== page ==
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Silent Barn, Bushwick’s all-ages music space, closing next month

The DIY music venue has run into financial trouble, according to a statement.

Silent Barn in Bushwick will close on April

Silent Barn in Bushwick will close on April 30. Photo Credit: The Silent Barn

Brooklyn residents have just over a month left to enjoy popular independent art and performance space Silent Barn before it shuts its doors.

The venue, a notable part of the city’s DIY music scene, announced it will be closing on April 30 after nearly six years at its Bushwick location.

Billed as an independent arts organization, Silent Barn was supported by volunteer and community fundraising since its inception in 2006. That collective business model ultimately created an “unstable environment” and posed various “financial and functional” challenges that caused Silent Barn to go belly-up, according to a statement by the organizers that appeared on the venue’s website Tuesday.

“Opening up an aboveground, up-to-code space in NYC (or anywhere) comes with limitless challenges — financial, structural, emotional,” the statement reads. “ . . . We began a round-the-clock collective attempt at tightening our organizational structure and improving our long-term funding prospects and tried our hardest to sustain long enough to see it through the end of our ten-year lease. But ultimately, the clock has run short.”

Silent Barn moved from its underground space in Queens to its current location, a three-story venue at 603 Bushwick Ave., in 2013. A recap of its financial expenses between 2011 and 2016 was posted to its website, revealing that the venue’s rent and building expenses surpassed its overall income by more than $10,000 per year since 2014.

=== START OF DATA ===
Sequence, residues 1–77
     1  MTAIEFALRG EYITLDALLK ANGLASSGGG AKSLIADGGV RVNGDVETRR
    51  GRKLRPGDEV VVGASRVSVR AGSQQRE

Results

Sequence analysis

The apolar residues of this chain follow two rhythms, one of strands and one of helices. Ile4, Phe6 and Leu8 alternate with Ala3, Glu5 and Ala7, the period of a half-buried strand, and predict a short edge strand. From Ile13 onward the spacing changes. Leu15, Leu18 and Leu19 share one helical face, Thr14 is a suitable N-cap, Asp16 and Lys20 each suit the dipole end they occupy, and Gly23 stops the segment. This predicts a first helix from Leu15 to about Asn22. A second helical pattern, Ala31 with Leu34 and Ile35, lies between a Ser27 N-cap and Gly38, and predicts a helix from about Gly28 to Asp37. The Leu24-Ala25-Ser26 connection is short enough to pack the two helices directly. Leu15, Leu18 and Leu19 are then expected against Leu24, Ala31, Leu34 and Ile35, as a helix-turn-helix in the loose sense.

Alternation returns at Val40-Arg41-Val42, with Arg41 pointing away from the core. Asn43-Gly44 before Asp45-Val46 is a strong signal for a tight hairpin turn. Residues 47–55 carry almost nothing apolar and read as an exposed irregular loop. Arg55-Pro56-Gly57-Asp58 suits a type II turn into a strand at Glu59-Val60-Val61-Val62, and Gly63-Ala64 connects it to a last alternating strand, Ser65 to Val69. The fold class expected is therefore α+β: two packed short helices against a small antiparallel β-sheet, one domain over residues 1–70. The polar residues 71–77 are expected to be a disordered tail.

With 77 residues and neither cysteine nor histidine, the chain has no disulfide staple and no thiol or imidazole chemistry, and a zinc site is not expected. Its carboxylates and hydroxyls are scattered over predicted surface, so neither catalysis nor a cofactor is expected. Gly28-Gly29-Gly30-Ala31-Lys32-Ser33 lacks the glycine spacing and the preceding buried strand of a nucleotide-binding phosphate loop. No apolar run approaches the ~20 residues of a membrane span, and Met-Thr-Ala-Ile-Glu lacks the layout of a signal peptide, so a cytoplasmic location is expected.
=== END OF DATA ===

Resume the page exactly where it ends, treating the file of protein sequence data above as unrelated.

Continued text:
“The money we raised at the end of last year, for instance, was only enough to cover one month of rent, payroll, utilities, emergency repairs, bar stock and other overdue expenses,” the statement continues. The spot was damaged during a 2015 fire that was said to have been caused by an electrical malfunction, according to The New York Times.

The all-ages venue was known best for its nightly diverse music shows (from indie to punk to alternative), but the Silent Barn collective also boasted a lineup of affordable art events, a cafe, galleries and a recording studio. It served as a housing facility for more than a dozen “artists-in-residence” and some staff members, who will now be evicted.

Silent Barn plans to continue its scheduled events as planned through April 30. A full lineup can still be found at silentbarn.org/events/upcoming.

The collective hopes to live on in one format or another, however.

“The end of the current location does not mean the end of Silent Barn as an organization,” the statement reads.

Grassroots art program Educated Little Monsters has reportedly teamed up with Bushwick Street Art and other local collectives to raise money to open another event space in the area. A With Friends fundraiser had raised $3,886 as of Wednesday, with a goal of hitting $50,000 by May 1.

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